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NYPD Rape Trial: Accused Officer Franklin Mata Takes The Stand

NEW YORK (CBSNewYork) -- It was a dramatic day in the trial of two New York City Police officers accused of raping a woman in her apartment while she was drunk.

In a risky move for the defense, Officer Franklin Mata, accused of covering for his partner, took the witness stand Friday and told a much different story than anyone had heard to that point, reports CBS 2's Pablo Guzman.

Prosecutors allege officers Kenneth Moreno and Mata helped an inebriated 29-year-old fashion industry executive out of a cab in December 2008 before Moreno allegedly raped her inside her East Village apartment, while Mata served as a lookout.

1010 WINS' Juliet Papa reports: Officer Mata Takes The Stand


Mata said he never saw the accuser unconscious, unable to walk or speak but stated that she was visibly intoxicated when the officers first responded to a call from a cab driver that drove the woman home from her own going away party.

Mata said the accuser asked that the officers return to check on her and also gave them permission to take the keys to her apartment.

WCBS 880's Irene Cornell: Officer Mata Says The Alleged Victim Was Never Unconscious


Mata aimed to distance himself from his partner and co-defendant, saying he sat in the living and got the woman a glass of water from the kitchen as Moreno attended to the accuser in the bathroom.

During one of their visits to the East Village apartment, Mata said he turned the television on and at another time had fallen asleep. He described the woman's conversations with Moreno as "friendly and sometimes flirty."

During cross-examination, Manhattan Assistant District Attorney Coleen Balbert questioned why the officers had repeatedly returned to the woman's apartment. Surveillance video shows both officers re-entering the woman's apartment, using her key, four times that night.

Balbert: "You encounter a lot of drunk people on the midnight tour, right?"

Officer Mata: "Yes."

Balbert: "You always go back a second and third time to check on their condition?"

Mata: "No."

Balbert: "But you did that night. Are you with Social Services?"

That prompted a fierce objection from Mata's lawyer, Ed Mandery.

Balbert: "You're supposed to be patrolling your sector, not making house calls, right?"

Another objection followed.

Referring to Officer Mata's claim that he was not aware of a rape because he fell asleep while his partner was with the woman, Balbert asked, in a biting tone, "And yet you don't believe everything that happened in that apartment, right?"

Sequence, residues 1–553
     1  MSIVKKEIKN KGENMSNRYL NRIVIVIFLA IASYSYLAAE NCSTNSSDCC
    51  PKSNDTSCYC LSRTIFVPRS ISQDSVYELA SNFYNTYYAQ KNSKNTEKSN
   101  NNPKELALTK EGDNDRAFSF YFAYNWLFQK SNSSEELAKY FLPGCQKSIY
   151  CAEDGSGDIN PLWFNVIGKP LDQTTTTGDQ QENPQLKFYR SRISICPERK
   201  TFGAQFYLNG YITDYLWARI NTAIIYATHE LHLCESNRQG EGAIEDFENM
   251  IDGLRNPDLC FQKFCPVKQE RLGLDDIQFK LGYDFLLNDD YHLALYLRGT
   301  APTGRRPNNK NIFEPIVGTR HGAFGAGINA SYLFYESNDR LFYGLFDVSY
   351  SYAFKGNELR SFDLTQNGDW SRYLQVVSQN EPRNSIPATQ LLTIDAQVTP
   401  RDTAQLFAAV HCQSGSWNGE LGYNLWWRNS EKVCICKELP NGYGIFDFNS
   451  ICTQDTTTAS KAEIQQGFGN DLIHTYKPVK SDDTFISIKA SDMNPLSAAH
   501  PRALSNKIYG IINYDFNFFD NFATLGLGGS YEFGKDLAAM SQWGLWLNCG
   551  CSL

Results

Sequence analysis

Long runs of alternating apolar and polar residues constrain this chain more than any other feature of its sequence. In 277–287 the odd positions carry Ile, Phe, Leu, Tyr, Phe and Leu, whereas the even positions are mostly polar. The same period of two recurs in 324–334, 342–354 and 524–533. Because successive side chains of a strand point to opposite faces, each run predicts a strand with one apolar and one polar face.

To which Mata replied: "Nothing happened. And I never thought I'd be sitting here."

At the end of the day Mandery was reluctant to answer questions, but CBS 2's Guzman did get him to say why he put Mata on the stand.

"So he could explain what happened," Mandery said.

Defense lawyer Max DiFabio explained to Guzman the dangers of calling a defendant to the stand.

"It's a great risk and, as I said earlier, it's a gut-wrenching decision. It's not a decision that is taken lightly," DiFabio said.

Last month, the accuser took the stand and described a day and night of drinking with friends to celebrate her new job in California.

Testifying she blacked out numerous times, the victim said she did recall two police officers helping her out of a cab and leading her up to her apartment.

Of her few memories, the woman said she remembers being shaken out of her stupor by someone rolling her tights down her legs. She said she heard clothes rustling and Velcro ripping before passing out one more time.

The accuser said when she awoke the following day, dressed in nothing but her bra, she "felt the shock of rape."

Earlier in the trial, the jury heard 911 tapes after prosecutors said Moreno and Mata called police pretending to be citizens and reported phony situations that required police attention in order to keep themselves in the vicinity of the East 13th Street building where the alleged rape occurred.

There is no DNA in this case.

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